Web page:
When stock brokers start quoting Oscar Wilde, it’s probably a good time to bet on the markets. After the dismal Q4 GDP numbers, some experts are rushing to write the obituary of the India story. So, is this really endgame for India? It seems not.
There’s no denying the situation is grim — with economic growth falling way below potential, investments coming to a standstill and deficits (current account and fiscal) staying elevated. However, even this cloud has a silver lining. Over the past three months, most commodities have fallen sharply, as concerns over global growth and Europe have resurfaced. European dated Brent is down 21 per cent from $129/bbl seen in March. While talks with Iran on its nuclear programme had brought down Brent’s risk premium in April, prices have substantially come off on global growth concerns. In contrast, the rupee has depreciated 11.62 per cent over the past three months and four per cent in one month. Given that crude, gold, coal, fertiliser and palm oil account for 53 per cent of India’s import bill, a fall in these commodities is positive for the trade deficit.
Another positive is the slowdown in gold imports, which has been a big drag on the trade deficit. Gold imports have substantially come off from 290 tonnes in Q1 FY11 to 207 tonnes in Q1 FY12. Market experts expect imports to fall 30 per cent in Q2 FY12. If India reduces its gold imports by 500 tonnes through 2012, the pressure on the current account deficit will come off. There are other encouraging data points, too. For instance, fresh foreign equity inflows have been robust at $36 billion.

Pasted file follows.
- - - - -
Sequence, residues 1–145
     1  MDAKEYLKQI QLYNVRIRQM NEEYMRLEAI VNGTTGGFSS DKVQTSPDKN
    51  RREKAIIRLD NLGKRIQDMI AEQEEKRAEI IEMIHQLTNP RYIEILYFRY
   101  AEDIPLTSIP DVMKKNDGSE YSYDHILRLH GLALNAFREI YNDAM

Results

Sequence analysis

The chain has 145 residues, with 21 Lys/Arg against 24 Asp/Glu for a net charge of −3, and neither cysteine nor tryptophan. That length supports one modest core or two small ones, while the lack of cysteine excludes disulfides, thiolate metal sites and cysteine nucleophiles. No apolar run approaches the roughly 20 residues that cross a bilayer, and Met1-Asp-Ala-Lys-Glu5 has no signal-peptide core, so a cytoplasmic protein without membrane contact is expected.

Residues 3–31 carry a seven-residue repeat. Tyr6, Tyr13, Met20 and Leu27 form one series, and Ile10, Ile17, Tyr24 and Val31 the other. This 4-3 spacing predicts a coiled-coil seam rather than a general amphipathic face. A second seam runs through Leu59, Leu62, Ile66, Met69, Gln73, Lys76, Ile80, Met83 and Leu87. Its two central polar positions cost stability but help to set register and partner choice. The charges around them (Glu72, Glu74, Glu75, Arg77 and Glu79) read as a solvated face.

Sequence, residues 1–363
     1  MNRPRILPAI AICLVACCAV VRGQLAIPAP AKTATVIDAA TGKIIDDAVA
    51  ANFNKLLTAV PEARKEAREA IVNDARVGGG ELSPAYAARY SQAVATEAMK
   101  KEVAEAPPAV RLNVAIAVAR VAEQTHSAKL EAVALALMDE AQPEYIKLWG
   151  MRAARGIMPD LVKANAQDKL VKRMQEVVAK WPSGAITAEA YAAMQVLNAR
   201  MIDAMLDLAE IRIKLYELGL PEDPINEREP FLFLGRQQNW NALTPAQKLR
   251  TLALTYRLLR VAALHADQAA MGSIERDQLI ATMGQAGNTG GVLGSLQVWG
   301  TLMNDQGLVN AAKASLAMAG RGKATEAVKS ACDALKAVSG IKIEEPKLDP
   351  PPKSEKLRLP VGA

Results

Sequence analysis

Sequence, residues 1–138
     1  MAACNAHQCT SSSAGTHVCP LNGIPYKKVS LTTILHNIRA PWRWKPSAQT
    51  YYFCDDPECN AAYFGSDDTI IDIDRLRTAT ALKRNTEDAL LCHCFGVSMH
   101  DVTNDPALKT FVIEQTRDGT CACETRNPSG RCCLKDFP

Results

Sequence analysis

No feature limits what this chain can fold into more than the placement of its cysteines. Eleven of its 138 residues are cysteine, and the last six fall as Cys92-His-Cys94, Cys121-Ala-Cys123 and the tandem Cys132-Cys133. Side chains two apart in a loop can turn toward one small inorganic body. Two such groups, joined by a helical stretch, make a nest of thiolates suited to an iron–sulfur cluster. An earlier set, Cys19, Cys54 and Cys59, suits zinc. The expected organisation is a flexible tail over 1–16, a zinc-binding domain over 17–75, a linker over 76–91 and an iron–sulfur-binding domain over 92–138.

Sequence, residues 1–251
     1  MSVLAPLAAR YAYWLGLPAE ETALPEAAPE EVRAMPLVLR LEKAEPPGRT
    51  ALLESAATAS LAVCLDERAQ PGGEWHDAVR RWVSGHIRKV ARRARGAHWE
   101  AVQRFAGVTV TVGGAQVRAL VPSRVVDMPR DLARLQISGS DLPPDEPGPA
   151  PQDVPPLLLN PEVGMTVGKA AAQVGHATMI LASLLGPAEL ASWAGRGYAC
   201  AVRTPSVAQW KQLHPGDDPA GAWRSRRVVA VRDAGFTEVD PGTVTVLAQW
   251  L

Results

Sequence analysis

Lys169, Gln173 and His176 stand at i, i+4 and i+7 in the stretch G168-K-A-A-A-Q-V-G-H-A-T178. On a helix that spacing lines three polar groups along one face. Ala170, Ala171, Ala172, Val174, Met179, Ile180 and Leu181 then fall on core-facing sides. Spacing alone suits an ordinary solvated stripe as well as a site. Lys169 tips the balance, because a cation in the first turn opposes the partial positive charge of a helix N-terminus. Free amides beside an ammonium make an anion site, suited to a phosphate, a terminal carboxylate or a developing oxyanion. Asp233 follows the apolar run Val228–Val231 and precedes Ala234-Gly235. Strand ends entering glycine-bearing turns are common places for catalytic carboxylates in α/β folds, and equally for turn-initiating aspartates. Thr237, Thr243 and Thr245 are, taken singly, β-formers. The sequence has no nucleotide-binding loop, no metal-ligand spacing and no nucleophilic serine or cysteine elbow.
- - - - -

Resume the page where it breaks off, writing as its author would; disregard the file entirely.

Optimists believe these are being factored in by foreign investors, who have not sold India to the extent they have sold other markets. Foreign institutional investors have sold Indian equities worth $273 million in May, compared to $3.5 billion sold in South Korea and $3.4 billion in Taiwan. Despite all this, there’s no doubt that Europe will be the game-changer.
What does this mean for the markets? Morgan Stanley believes the current state of the economy is similar to 2002-03, but the stock-picking opportunity seems as good as in 2003. Given the noise around rate cuts seems to have only become louder, more support may be coming in for equities from the central bank. Similarly, Saurabh Mukerjea of Ambit Capital believes, “This is a good time to invest in India as valuations are the most attractive in a decade, leaving aside the quarter following the Lehman bankruptcy.”